Query Plan Execution
The Greenplum Database legacy and GPORCA query optimizers generate execution plans that produce the results requested by the query. A plan is a sequence of operators, such as table scans, joins, sorts, aggregates, and data motions.
When you click Run Explain on the query detail view, Command Center runs the SQL
EXPLAIN command for the query and displays the query execution plan next to the text of the query.
You can view the plan in text format or a graphical representation by clicking the Textual Explain or Plan & Progress tab. In the textual format, each plan node is flagged with an arrow (
->). In the graphical view, the nodes are represented with boxes that fill as the plan executes.
The plan executes from the bottom up. Each node in the plan performs an operation and passes results up to the next node in the plan.
Optimizer status: line reports whether the explain plan was generated using the GPORCA optimizer or the legacy query optimizer.
Each node contains this information:
- the type of operation to be performed
- cost estimates, a two-part estimate of the cost to produce the first row and the cost to produce all rows
- estimate of the number of rows to be produced by the operation
- width of the widest row produced by the operation
-> Hash Join (cost=0.00..1487.46 rows=375084 width=30)
A hash join operation joins two relations by producing a hash table on the join key of the smaller table and then scanning the larger table to find the matching rows.
This hash join example is estimated to produce 375084 rows. The widest row produced is 30 bytes.
The unit of cost is a single data block access, so cost is actually an estimate of the operator’s I/O activity. The estimated cost to produce all rows, the second number in the cost estimate, is cumulative; it includes the cost estimates from all earlier nodes in the plan.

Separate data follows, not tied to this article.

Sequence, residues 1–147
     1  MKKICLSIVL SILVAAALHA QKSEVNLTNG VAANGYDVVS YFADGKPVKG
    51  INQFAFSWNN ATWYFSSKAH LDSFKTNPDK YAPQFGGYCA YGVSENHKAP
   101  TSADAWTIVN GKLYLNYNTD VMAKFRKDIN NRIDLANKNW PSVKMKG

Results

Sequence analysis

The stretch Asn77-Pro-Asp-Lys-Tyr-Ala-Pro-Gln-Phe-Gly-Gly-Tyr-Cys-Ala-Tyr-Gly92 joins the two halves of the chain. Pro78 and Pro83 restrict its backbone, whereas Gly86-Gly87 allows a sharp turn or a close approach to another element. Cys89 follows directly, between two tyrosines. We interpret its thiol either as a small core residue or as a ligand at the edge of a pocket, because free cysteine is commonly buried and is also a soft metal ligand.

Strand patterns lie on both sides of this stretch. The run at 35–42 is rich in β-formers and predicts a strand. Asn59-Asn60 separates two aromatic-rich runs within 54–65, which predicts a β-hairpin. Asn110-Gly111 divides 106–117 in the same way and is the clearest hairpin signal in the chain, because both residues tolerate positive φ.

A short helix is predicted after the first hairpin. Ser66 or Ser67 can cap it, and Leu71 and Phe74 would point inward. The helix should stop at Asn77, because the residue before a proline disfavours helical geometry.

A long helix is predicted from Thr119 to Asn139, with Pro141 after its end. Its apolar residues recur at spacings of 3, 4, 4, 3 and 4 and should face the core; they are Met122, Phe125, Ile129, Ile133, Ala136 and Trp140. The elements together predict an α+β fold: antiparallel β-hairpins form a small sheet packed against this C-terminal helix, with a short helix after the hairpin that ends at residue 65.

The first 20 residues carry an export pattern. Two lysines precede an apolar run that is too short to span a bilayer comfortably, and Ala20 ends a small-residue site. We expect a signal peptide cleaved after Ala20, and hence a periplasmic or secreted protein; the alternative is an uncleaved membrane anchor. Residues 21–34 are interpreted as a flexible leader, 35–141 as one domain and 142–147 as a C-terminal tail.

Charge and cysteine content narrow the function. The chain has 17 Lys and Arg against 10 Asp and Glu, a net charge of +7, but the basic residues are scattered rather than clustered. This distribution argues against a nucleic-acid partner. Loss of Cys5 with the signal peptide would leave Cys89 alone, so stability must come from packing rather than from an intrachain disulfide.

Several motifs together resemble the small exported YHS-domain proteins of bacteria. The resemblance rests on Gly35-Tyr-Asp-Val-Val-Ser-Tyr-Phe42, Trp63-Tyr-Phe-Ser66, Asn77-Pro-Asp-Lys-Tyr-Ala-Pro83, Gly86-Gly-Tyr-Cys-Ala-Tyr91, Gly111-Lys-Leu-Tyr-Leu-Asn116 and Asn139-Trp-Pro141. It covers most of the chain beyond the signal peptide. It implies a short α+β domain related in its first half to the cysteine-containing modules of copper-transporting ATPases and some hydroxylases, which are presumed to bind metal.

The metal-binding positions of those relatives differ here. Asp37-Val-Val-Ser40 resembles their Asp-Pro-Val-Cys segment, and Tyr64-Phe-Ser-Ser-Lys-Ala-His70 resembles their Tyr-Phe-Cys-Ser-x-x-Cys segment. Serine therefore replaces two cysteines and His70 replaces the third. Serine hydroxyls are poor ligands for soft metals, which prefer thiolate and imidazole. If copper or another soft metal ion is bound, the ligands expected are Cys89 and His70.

Segments can work on portions of a query in parallel, each segment executing operators independently on their local data. When the plan requires exchanging data between segments, a data motion operator coordinates the data transfer between segments. The plan is divided into “slices” where these data motions occur.
A data motion node in a plan identifies the slice and the number of segments participating in the motion.
-> Broadcast Motion 4:4 (slice2; segments: 4) (cost=0.00..867.15 rows=10000 width=30)
In a broadcast motion, each segment broadcasts all of its rows for a table over the network so that every segment has a complete copy of the table. In this example, the broadcast motion marks the completion of
slice2 with four segments sending and four segments receiving.
Each segment has one or more backend processes working on a slice. Backend processes working on the same slice are called a “gang”.
Operators are processes that take as input database tables or the output from other operators, and perform some action to produce a transformed output.
A Function Scan node selects the partitions to scan. The function can be one of the following:
gp_partition_expansion- chooses all nodes
gp_partition_selection- chooses a partition with an equality expression
gp_partition_inversion- chooses partitions with a range expression
One table must be broadcast so that every segment can compare all rows of one table with the rows it has from the other table. This is expensive and is best used only for small tables.
One table must be broadcast so that every segment can compare all rows of one table with the rows it has from the other table.